The Bisbee Deportation described in the book, in which Harry C. Wheeler "arrested" 1200 striking miners at machine gun point and then abandoned them in the desert is well attested by other sources.

In 1917, during another strike at the Bisbee mines, he deputized and armed two thousand citizens, and sent them out at dawn to arrest striking miners and sympathizers, and march them to the Warren ballpark. He supervised the proceedings with a loaded 7.62 mm. machine gun in an open touring car. 1,185 miners were loaded into cattle cars and taken to the New Mexico desert where they were abandoned. Wheeler took responsibility for the deportation, although he was acting on instructions from the mine operators, and was later indicted along with 224 others on state kidnapping charges; those charges were dropped.

That alone should be enough to show that at least some significant numbers who went on strike were kidnapped and were deliberately exposed to serious risk of death by government officials.

  • Wheeler was a county official, not a US official.
    – DavePhD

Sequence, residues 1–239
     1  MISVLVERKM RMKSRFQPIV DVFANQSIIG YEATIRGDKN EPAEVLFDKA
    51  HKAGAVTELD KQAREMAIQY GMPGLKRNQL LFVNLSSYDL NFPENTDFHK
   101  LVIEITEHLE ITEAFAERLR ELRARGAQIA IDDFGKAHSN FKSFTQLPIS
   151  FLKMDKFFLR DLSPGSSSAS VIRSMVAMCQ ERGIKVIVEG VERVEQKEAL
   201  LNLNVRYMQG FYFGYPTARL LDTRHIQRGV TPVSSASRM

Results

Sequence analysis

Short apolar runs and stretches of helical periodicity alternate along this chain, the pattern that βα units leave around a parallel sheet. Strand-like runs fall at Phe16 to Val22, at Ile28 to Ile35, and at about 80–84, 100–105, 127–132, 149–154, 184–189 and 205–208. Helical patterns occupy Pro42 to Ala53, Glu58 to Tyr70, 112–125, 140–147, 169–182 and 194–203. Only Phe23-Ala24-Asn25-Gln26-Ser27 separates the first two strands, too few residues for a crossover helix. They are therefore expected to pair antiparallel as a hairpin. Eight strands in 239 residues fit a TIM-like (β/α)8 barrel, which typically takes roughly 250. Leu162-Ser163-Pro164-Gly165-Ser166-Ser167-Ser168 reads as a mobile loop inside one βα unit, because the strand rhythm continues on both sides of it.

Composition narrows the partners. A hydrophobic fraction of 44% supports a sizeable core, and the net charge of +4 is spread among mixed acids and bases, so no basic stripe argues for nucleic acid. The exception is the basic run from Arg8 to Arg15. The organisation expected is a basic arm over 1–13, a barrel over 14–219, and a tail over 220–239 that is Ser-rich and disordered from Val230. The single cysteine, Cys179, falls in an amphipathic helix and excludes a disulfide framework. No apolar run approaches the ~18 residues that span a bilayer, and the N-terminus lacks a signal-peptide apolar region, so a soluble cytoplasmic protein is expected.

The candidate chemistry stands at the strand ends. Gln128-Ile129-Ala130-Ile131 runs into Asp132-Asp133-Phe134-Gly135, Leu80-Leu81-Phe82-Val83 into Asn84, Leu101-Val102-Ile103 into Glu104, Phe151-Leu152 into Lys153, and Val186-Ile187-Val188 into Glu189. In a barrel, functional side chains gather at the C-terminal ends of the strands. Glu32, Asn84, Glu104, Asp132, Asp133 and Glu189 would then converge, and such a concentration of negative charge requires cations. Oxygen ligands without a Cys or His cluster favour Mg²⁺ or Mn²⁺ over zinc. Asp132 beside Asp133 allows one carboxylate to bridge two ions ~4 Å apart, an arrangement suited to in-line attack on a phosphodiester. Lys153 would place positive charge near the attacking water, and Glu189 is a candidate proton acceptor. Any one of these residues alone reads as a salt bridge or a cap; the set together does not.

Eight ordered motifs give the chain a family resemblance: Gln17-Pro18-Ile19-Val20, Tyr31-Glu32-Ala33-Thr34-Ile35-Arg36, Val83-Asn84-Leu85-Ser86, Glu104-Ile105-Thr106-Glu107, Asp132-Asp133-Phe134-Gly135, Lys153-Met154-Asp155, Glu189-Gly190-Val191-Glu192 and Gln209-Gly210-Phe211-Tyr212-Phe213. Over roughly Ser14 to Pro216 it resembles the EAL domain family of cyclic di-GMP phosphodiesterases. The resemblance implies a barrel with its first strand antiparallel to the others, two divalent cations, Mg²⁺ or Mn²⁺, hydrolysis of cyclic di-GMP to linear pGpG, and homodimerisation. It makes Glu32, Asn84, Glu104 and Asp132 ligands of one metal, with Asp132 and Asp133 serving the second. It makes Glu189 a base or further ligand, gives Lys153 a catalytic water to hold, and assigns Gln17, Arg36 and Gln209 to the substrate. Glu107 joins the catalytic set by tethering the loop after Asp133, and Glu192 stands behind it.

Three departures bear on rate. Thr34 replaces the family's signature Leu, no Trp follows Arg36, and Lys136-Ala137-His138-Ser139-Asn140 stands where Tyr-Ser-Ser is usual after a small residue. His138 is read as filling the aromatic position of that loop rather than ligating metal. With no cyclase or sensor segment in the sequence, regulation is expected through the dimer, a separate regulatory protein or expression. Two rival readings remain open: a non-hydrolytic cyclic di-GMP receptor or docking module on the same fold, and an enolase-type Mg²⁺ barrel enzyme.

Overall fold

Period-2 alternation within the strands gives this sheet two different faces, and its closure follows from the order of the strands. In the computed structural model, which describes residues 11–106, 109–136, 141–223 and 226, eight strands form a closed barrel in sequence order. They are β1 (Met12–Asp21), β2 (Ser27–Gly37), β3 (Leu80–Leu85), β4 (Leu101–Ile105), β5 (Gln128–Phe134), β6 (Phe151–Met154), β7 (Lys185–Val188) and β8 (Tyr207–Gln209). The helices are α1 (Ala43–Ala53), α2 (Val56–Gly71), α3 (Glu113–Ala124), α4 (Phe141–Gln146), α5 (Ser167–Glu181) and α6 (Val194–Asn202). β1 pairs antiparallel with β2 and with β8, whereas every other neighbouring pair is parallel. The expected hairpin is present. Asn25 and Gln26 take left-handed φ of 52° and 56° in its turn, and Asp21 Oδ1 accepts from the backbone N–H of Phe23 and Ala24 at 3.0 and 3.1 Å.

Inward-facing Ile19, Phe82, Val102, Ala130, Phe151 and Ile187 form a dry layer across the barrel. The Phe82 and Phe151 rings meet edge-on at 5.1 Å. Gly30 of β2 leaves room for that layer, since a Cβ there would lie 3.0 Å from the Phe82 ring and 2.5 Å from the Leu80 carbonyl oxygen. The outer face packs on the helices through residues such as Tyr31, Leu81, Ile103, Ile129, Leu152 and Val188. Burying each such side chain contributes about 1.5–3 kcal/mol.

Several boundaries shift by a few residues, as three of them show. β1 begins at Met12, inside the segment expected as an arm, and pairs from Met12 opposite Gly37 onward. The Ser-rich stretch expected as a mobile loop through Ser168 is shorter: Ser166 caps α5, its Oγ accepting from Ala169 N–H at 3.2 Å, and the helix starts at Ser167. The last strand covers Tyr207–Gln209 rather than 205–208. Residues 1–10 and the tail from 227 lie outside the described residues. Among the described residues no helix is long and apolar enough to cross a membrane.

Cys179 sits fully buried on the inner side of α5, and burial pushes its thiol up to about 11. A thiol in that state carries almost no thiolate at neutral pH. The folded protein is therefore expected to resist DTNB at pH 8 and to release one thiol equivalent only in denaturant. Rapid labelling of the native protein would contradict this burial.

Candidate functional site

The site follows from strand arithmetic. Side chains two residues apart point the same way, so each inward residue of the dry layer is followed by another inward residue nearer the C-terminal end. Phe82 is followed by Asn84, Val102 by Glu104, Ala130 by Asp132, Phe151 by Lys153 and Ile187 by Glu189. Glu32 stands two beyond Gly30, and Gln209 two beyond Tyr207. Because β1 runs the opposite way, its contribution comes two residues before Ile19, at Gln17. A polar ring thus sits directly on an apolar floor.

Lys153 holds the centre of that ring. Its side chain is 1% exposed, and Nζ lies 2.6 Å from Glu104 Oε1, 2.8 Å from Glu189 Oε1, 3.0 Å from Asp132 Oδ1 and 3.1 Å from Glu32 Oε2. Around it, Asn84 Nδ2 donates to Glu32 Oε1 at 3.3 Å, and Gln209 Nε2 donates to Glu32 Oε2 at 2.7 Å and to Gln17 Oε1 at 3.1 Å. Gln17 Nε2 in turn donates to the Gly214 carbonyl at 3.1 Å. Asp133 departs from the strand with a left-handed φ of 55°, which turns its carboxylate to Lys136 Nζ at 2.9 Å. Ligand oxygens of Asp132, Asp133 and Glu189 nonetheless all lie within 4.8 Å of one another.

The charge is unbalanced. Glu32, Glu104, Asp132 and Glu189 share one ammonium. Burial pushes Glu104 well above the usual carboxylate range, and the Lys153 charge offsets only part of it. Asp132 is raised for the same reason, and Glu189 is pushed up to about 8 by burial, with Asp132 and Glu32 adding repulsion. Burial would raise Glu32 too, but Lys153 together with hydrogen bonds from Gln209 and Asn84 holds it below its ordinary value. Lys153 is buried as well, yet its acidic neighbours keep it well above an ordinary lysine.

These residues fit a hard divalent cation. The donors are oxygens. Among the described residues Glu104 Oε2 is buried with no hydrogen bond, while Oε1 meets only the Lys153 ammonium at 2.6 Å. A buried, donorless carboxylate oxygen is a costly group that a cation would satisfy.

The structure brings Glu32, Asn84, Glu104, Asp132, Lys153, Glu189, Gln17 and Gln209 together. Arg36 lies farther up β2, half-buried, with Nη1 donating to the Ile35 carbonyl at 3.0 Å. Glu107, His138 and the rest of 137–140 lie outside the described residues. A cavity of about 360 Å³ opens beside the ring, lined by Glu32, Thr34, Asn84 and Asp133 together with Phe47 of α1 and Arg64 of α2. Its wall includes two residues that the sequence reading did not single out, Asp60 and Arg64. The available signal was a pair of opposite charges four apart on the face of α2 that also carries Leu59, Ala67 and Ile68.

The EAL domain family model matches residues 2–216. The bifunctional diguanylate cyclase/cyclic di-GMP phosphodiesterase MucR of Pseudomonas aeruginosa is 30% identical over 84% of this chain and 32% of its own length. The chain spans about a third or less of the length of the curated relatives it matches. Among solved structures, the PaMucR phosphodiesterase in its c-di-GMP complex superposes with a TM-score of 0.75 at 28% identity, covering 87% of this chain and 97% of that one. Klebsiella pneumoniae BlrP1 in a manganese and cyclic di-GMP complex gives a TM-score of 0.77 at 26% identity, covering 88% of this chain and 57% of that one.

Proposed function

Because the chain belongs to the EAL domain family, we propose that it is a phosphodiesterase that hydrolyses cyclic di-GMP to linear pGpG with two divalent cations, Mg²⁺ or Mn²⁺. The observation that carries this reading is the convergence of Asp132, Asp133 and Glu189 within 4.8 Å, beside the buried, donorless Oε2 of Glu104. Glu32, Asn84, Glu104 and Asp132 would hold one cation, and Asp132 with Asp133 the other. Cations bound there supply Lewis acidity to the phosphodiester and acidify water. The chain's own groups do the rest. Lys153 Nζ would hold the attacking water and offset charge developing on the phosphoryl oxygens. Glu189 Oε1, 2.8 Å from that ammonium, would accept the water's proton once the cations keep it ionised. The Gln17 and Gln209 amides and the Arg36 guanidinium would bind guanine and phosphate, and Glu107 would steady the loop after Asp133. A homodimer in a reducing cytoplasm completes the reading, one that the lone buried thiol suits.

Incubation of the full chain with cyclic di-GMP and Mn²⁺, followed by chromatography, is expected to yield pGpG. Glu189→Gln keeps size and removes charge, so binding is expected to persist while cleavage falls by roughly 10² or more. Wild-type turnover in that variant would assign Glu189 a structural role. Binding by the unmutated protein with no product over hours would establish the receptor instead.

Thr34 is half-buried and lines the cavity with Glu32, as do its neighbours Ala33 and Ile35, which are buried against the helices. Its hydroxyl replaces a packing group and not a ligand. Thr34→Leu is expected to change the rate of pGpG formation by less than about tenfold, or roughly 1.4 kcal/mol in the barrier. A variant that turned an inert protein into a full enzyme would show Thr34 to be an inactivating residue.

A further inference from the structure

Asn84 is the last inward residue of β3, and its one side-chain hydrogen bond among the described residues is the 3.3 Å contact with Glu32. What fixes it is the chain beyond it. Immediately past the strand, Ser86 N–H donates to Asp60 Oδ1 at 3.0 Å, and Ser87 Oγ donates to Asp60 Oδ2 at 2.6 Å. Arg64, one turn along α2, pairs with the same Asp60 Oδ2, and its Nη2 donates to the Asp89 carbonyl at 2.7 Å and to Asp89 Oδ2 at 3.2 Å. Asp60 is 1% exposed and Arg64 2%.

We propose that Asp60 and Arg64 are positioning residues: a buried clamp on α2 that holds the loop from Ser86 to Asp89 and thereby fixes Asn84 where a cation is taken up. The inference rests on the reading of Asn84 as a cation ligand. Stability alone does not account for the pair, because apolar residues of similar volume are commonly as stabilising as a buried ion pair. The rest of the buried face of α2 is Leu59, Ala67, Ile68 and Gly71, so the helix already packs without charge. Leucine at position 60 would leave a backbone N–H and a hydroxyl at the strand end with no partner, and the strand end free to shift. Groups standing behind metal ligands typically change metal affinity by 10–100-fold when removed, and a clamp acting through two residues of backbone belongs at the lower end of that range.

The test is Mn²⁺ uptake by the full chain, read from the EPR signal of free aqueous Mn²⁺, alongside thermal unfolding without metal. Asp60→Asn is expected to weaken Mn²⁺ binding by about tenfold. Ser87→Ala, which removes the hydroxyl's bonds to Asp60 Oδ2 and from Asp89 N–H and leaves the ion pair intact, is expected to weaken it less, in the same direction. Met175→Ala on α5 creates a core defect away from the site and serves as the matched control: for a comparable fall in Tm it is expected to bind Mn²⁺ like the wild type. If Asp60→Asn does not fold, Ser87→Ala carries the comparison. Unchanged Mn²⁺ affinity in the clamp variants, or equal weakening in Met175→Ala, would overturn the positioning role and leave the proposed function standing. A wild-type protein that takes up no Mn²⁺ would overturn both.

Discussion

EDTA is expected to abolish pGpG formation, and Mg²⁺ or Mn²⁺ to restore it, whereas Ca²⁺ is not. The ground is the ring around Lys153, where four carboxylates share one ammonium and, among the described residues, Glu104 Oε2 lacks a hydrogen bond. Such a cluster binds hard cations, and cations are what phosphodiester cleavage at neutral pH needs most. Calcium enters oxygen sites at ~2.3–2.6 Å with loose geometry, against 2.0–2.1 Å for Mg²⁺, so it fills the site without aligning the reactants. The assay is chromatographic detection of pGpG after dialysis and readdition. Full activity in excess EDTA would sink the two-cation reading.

Commented Apr 10, 2020 at 17:38
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    By government officials acting illegally. Every group may contain criminals. It's important to distinguish corrupt officials from actual law and governmental policy. Commented Apr 10, 2020 at 17:42
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    Illegally maybe, but the scale of the operation and dropping of the charges would indicate a degree of support from other parts of government. Commented Apr 10, 2020 at 17:49
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    @DavePhD: the actual claims says "federal, state, and local government officials". Commented Apr 11, 2020 at 8:18

A quick glance through those Wikipedia pages that exist for strikes and even "labor wars" quickly confirm these numbers.

One example for such wars would be the Illinois coal wars with around 24 deaths.

During the Copper Country Strike of 1913–1914, a number of above 83 people from the 'labor' side died.

Another of these wars even featured machine guns and high powered rifles, West Virginia coal wars. Given that initial number and quality of arms involved it is quite surprising that the pivotal battles at Matewan and Blair Mountain only cost the number of 50–100 deaths on the side of labor, with 985 people arrested. Nevertheless Wikipedia calls this confrontation the largest insurrection in the United States since the Civil War.

Although the claim to investigate here is quite vague. "Facing death" is quite easily true if police, strike breakers, mobs, and 'the' mob (mafia), Pinkertons or National Guard just start shooting crowds.

Counting exact numbers for killed might be easier in cases like in the Cotton Picker's Strike 1891 where